Today marks the end of an era for SCO, the embattled company whose officers thought that they owned the full rights to the UNIX code, is no more. Linus Torvalds, creator of Linux, purchased the company for just over $4 million. The company will be renamed to Linsco to reflect its new ownership and new direction. I interviewed Linus via Skype yesterday afternoon about this purchase. The transcript of that conversation, in its entirety, is below.
KH: Hello, Linus, it's great to talk with you on such an auspicious occasion. You bought SCO!
LT: Thanks, Ken. It's nice to meet you too, virtually speaking that is. I follow your columns and writings quite closely.
KH: Yikes, I don't know if that's a good thing or a bad thing.
LT: (Laughs) It's mostly good. You have an interesting perspective on things, for sure.
KH: Thanks, I think. (Laughs) So, what in the world compelled you to purchase SCO?
LT: Well, it makes sense really, if you consider all that's going on in the market and with Linux itself.
KH: How so?
LT: Purchasing SCO will allow all businesses to be assured that their use of Linux is safe and protected by me and The Linux Foundation.
LT: Yes, Microsoft says that it holds the patents to many of the Internet Protocol and other technologies that are included in the Linux kernel and other associated applications.
KH: Do they? I mean, is this a real threat or just posturing?
LT: That's a good question. They have yet to produce proof of this ownership.
KH: I guess we can leave that for another interview. What are you going to do with SCO, sorry, I mean, Linsco?
LT: It will be used as a research and development facility for creating what I'm now calling, Super Linux.
KH: Super Linux? That sounds interesting. Is this the first time you've talked about it?
LT: Publicly, yes. Super Linux is a single kernel that will sense and run on any processor or platform from mainframe to wristwatch. It is self-tweaking and self-optimizing.
KH: Wow. Wristwatch?
LT: Yes, you know, the ARM processor.
KH: Oh, sure. I see. How will the employees at Linsco, assuming you have any, get paid?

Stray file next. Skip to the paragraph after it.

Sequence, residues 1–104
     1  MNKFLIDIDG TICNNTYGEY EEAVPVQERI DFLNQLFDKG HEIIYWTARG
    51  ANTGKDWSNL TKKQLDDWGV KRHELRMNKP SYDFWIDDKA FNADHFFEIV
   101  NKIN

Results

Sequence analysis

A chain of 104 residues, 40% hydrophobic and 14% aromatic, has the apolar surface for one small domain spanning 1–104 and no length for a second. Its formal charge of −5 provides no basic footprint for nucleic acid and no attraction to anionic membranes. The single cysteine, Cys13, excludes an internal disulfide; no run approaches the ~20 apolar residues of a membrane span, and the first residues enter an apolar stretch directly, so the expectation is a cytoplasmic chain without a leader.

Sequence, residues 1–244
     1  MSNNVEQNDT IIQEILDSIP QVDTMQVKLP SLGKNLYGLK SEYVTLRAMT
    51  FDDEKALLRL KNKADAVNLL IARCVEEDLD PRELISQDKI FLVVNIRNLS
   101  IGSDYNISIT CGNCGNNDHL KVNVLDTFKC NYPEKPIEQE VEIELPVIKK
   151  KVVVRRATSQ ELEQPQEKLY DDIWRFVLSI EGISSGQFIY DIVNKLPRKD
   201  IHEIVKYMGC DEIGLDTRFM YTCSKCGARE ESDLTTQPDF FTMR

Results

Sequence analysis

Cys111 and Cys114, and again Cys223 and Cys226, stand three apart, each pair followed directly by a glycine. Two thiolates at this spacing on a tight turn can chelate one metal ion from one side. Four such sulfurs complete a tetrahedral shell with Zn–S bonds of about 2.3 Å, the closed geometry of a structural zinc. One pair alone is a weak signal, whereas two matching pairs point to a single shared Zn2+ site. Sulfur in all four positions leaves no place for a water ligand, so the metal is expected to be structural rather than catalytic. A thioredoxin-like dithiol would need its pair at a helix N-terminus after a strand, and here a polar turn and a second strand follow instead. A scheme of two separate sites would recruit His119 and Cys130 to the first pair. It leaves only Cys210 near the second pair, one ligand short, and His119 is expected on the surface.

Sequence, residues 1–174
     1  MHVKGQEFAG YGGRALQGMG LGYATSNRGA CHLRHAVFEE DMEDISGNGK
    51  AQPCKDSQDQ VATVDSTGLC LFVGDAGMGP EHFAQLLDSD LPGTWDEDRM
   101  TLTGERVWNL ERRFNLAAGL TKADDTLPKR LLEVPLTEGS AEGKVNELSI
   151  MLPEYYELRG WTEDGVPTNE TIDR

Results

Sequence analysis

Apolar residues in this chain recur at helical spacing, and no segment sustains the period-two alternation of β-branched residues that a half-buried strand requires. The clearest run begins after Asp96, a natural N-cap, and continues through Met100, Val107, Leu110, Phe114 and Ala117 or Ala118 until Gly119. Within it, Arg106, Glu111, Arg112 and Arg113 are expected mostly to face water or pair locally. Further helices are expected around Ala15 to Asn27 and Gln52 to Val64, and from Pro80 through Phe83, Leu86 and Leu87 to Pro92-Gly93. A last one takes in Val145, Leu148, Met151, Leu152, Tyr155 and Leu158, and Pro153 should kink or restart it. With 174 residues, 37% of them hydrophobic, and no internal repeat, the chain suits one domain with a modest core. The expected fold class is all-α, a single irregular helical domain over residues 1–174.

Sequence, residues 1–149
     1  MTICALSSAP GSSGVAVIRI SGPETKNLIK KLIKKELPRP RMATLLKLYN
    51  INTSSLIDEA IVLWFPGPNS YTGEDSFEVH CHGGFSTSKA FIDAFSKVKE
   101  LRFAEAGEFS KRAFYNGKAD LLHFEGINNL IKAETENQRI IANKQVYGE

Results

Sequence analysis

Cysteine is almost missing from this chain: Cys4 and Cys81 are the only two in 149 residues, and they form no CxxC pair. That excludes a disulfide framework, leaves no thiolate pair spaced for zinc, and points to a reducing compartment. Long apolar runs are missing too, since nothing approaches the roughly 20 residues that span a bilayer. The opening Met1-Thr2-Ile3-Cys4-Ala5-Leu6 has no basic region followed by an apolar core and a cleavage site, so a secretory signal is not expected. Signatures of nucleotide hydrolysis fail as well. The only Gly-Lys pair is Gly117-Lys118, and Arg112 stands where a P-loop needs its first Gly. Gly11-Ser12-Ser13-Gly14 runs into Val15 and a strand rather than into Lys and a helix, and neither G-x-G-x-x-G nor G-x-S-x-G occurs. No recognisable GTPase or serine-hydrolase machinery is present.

LT: From the sale of Linux licenses.
KH: But I thought it was free?
LT: Yes, it is or was. I'm quite tired of giving away my work for free, especially when I see the likes of Bill Gates, Steve Ballmer, Steve Jobs as billionaires all received through the purchase of their operating systems.
KH: That's quite a departure for you. What do you think the Linux Community will say to this?
LT: I don't really care. I'm Linus Torvalds. I created Linux. I can do as I want. And, I want to be rich.
KH: I can't blame you for that. You've certainly been at work for sometime on this.
LT: Yes, I think monetizing Linux will also help boost the economy.
KH: How so?
LT: Well, my personal economy. (Laughs).
KH: Ha, yeah. Gosh, Linus, you've given us a lot to think about with your purchase of SCO, renaming it to Linsco, Super Linux and the monetization of Linux. I don't know what to say.
LT: It's a lot to take in all at once. My phone has rung off the hook but I took your call because of your large and dedicated audience.
KH: Thanks, Linus. I appreciate it. What's next for you?
LT: (Laughs) What else should there be? I'll tell you this, I'm looking at purchasing MySQL from Sun and joining in partnership with Monty Widenius in a new appliance market.
KH: You never cease to amaze me. Thanks for the interview and I hope to hear from you again soon. Good Luck with the new ventures.
LT: Thank you, Ken. Please, now that you have my personal email address and cell phone number, don't hesitate to call on me for information at any time.
KH: Thanks, Linus. I hear your other phone ringing. Talk to you soon.
My heart is still pounding from this once-in-a-lifetime exclusive interview with Linus Torvalds. All I can say is, "I'm not worthy, I'm not worthy."
What do you think of the news about SCO, Linsco, Super Linux and Linus' proposal to monetize Linux? Write back and let us know.